Activity at the volcano has continued at a low level. There were two small swarms of earthquakes during the day together with a few rockfalls. The visibility was excellent for most of the day. A dome survey was successfully completed and excellent views were obtained of the summit area and Galway's wall.
Seismic activity has been dominated by the occurrence of two volcano-tectonic earthquake swarms, the first of which was a continuation of the swarm which started yesterday morning and finished at 4.59 pm yesterday evening. The second swarm occurred between 10.41 am and 2:20 pm today. A total of 32 volcano-tectonic earthquakes were recorded, all of which occurred during the swarms (6 during the end of yesterday's swarm and 26 during today's swarm). These were located at less than 3 km depth beneath the crater. One of these events at 12.42 pm was reported felt at Bramble airport. Only one hybrid event and no long period events were recorded by the network during the period. Sixteen rockfall signals were recorded; no major ash clouds were associated with any of these events.
Visibility was very good for most of the day, and excellent views were obtained from Whites and the helicopter. Observations indicated relative quiescence of the dome with one small pyroclastic flow and several small rockfalls seen from Whites. The active south-eastern face of the dome appeared to have inflated slightly over the last few days. Galway's Wall continues to degrade slowly, with one further small pyroclastic flow deposit, to approximately 1 km from the wall, since 15 February.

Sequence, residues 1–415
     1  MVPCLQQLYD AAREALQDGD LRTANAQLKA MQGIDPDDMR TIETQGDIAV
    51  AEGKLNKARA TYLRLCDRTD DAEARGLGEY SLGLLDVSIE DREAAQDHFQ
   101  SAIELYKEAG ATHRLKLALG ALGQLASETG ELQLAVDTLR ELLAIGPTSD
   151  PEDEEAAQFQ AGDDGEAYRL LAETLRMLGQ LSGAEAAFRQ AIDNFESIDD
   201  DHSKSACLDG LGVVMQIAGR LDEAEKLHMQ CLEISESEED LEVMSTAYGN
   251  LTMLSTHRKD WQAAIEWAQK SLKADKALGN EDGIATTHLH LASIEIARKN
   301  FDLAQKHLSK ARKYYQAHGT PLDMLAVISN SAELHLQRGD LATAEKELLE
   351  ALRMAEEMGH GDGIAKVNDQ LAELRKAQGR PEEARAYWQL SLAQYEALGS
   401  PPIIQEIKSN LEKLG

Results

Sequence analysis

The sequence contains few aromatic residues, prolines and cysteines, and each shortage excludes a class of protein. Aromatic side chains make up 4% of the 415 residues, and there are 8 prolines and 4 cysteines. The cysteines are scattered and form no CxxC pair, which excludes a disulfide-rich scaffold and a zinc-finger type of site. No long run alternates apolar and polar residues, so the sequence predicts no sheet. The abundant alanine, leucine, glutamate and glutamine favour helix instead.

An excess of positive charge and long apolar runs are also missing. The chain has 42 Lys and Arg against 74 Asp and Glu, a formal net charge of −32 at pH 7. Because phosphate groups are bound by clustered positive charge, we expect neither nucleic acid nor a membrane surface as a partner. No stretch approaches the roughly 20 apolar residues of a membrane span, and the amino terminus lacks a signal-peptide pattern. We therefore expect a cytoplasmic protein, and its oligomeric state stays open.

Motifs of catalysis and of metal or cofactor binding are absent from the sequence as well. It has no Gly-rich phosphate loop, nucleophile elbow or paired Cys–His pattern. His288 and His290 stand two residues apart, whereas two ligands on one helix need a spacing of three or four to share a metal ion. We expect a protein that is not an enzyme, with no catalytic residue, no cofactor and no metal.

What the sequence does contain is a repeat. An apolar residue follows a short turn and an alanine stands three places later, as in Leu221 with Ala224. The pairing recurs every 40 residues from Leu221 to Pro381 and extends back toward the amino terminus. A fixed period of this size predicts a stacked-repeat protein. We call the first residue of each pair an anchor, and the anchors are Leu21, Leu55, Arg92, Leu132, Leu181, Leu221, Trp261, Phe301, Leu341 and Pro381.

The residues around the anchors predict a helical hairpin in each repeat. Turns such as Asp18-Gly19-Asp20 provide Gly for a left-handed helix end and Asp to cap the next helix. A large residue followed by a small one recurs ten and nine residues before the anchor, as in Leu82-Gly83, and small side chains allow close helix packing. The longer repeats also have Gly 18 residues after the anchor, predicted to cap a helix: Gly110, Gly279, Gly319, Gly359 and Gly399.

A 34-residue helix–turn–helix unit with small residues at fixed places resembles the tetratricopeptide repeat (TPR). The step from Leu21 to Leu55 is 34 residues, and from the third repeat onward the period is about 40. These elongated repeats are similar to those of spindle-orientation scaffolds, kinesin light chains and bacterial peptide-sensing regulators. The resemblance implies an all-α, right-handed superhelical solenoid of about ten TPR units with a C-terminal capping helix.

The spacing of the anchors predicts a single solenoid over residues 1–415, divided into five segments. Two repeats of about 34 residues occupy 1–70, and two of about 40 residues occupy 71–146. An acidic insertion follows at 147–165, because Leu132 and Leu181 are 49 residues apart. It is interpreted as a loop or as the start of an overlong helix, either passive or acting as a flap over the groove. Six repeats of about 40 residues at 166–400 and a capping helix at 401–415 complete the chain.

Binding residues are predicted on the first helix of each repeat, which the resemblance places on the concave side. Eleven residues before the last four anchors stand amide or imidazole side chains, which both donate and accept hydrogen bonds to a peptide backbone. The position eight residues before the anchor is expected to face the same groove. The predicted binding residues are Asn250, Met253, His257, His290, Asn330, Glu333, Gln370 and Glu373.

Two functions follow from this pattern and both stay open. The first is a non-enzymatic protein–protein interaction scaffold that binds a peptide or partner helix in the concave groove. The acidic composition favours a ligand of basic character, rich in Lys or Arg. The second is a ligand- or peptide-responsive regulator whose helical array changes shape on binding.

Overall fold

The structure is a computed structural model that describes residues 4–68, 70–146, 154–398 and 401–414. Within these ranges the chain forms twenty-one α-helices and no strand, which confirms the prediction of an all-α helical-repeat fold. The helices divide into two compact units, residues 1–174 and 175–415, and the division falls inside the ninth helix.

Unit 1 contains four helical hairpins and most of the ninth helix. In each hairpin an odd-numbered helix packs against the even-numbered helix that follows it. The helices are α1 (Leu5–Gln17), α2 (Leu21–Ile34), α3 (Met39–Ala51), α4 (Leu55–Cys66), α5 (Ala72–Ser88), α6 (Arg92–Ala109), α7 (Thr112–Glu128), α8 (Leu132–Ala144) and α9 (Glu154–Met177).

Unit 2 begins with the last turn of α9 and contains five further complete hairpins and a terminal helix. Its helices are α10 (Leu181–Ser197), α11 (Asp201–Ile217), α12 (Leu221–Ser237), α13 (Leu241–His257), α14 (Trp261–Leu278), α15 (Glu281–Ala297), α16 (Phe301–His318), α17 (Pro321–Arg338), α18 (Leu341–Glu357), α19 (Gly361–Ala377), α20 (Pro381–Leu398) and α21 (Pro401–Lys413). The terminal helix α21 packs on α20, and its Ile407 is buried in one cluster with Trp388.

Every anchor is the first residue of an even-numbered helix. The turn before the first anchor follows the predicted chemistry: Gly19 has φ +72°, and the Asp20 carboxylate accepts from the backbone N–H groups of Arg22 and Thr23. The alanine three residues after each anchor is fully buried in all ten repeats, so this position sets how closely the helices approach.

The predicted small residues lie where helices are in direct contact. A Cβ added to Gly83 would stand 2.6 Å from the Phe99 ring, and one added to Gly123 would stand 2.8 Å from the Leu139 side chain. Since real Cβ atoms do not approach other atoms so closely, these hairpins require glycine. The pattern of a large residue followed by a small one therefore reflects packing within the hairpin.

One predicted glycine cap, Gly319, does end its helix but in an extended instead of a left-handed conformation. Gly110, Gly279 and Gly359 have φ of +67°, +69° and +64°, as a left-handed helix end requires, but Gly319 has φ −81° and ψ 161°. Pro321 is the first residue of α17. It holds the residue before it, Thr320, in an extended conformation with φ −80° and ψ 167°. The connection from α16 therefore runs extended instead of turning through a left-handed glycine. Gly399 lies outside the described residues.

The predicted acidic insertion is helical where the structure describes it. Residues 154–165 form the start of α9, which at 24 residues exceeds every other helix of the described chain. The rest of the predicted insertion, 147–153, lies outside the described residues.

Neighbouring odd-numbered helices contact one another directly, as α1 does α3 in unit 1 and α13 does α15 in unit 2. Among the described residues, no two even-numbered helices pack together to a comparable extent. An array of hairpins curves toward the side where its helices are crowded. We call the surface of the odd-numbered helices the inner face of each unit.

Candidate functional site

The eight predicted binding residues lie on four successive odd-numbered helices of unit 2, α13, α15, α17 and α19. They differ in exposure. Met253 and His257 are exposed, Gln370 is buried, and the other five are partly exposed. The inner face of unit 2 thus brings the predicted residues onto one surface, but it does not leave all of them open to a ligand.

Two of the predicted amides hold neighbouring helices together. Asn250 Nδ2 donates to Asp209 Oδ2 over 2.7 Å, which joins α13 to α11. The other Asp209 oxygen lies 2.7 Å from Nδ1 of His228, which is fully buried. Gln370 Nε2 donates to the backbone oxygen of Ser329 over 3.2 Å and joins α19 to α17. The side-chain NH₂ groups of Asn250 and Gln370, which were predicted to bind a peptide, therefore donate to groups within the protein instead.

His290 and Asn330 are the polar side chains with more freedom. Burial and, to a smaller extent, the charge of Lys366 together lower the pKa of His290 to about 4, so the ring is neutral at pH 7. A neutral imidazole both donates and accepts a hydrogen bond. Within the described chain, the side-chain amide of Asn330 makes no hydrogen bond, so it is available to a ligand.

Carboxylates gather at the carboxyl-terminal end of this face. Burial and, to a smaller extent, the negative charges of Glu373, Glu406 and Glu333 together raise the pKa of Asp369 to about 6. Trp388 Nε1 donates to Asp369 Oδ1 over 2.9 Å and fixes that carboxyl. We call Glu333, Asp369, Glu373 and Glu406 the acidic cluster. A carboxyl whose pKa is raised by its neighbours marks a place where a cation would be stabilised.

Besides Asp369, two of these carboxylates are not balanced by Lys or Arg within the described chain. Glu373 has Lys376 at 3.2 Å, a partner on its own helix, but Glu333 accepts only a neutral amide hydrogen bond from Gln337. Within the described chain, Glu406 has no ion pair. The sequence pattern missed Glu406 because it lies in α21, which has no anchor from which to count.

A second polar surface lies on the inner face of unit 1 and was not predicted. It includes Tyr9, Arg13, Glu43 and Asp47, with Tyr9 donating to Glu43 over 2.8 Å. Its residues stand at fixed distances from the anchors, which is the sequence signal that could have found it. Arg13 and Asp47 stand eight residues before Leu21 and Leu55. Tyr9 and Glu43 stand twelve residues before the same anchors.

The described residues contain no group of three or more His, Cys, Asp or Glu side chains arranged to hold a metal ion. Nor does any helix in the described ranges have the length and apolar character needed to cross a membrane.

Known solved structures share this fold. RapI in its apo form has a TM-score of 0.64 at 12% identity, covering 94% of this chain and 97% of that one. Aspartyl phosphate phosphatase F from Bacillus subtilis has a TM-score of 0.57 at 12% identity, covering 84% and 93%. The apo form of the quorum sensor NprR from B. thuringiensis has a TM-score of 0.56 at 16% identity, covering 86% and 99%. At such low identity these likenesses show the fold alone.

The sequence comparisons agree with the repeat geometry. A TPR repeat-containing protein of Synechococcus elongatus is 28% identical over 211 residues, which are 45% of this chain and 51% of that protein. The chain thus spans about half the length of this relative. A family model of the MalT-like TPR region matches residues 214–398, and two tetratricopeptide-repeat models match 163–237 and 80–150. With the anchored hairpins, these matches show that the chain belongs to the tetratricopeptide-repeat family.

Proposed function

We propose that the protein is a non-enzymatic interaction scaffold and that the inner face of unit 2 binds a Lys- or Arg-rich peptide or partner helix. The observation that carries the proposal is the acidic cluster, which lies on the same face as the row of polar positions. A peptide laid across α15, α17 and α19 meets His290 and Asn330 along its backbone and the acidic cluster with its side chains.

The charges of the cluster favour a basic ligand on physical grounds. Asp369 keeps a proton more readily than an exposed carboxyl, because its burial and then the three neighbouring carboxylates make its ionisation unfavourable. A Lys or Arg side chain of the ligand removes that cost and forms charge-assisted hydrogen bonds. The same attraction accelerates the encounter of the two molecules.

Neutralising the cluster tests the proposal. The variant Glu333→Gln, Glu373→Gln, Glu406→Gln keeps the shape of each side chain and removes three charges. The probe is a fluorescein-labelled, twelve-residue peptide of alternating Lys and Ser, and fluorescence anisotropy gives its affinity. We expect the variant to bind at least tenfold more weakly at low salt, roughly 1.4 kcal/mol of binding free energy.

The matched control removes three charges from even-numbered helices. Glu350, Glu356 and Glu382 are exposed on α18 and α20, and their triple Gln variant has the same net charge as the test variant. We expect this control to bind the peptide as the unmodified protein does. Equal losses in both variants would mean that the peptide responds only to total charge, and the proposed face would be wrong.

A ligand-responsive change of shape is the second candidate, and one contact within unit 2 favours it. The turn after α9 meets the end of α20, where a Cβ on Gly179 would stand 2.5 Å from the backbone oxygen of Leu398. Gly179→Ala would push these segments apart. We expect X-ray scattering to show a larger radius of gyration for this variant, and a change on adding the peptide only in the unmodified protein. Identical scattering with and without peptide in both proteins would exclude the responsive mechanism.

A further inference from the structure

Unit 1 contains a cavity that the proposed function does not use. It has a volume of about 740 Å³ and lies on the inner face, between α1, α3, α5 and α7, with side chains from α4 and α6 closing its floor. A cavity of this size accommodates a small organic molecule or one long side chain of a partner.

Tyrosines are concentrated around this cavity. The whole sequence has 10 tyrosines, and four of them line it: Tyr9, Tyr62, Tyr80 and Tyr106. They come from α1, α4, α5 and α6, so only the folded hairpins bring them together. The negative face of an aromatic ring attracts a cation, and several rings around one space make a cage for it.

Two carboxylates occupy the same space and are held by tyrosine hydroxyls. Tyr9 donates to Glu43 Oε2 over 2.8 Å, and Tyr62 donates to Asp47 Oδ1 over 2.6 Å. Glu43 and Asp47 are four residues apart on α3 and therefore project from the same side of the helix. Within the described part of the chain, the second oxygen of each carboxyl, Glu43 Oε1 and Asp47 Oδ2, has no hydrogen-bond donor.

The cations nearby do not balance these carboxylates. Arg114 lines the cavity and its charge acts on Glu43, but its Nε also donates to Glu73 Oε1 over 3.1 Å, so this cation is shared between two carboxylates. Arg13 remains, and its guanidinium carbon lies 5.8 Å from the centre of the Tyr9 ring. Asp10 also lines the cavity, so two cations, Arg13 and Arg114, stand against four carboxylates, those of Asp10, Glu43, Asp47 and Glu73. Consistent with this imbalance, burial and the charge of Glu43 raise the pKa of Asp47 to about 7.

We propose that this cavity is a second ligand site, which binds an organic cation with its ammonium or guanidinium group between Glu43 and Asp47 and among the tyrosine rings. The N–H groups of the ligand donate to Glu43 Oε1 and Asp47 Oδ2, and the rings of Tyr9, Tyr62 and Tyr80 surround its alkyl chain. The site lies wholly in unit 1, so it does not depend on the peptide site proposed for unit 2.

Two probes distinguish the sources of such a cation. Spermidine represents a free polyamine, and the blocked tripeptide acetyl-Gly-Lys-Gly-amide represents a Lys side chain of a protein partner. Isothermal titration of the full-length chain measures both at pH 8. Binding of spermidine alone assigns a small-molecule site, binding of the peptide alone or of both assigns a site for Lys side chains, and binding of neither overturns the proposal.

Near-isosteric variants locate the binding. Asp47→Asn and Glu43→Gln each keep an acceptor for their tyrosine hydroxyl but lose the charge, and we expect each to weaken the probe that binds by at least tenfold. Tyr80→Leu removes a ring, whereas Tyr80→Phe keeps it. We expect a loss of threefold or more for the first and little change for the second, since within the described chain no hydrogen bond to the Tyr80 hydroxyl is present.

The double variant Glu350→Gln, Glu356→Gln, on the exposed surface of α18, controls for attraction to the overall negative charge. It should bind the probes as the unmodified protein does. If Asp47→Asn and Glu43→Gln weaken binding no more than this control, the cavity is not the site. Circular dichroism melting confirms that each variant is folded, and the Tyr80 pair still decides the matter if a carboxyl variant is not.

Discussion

A full dome survey was completed in the morning. The data are currently being processed. Measurements on recent pyroclastic flow deposits on the new fan were also made briefly.
The Chance's Peak reflector was cleaned and, subsequently, total station measurements were made on the southern triangle today. The Chance's Peak-O'Garra's line has shortened by only 14 mm since it was last measured on Dec 2 1996.
Despite the low level of activity and the reduction in alert level, more pyroclastic flows are expected from the steep eastern face of the dome and over Galway's Wall. Thus the Tar River Valley and the upper Galway's area are very dangerous. Any collapses are likely to be gradual, and produce small or moderate pyroclastic flows. However, a larger and more prolonged collapse can not be ruled out. Residents are reminded to remain alert and responsible at all times, carry ash masks and spend the minimum possible time in the evacuated zone. It is advisable to have access to a battery operated radio in case of electricity power cuts. Ash levels in Plymouth are hazardous, especially during dry, windy weather: it is essential to wear masks in affected areas. Access is now allowed to zone C during daytime only (from dawn on Tuesday). Zone E, which includes Cork Hill and the airport, remains safe at this time. People are also advised to be aware that flash floods which could destroy bridges across Fort Ghaut and other ghauts, and therefore to make their way north in cases of very heavy rain.
Late Note: There was an episode of volcanic tremor and pyroclastic flows from about 6 pm to 6:40 pm tonight. This episode was similar to previous occurrences in the last few weeks, and resulted in ash fall in the Plymouth area. This type of activity is expected to continue during the next few days, and so visitors to zone C should be prepared for ash fall.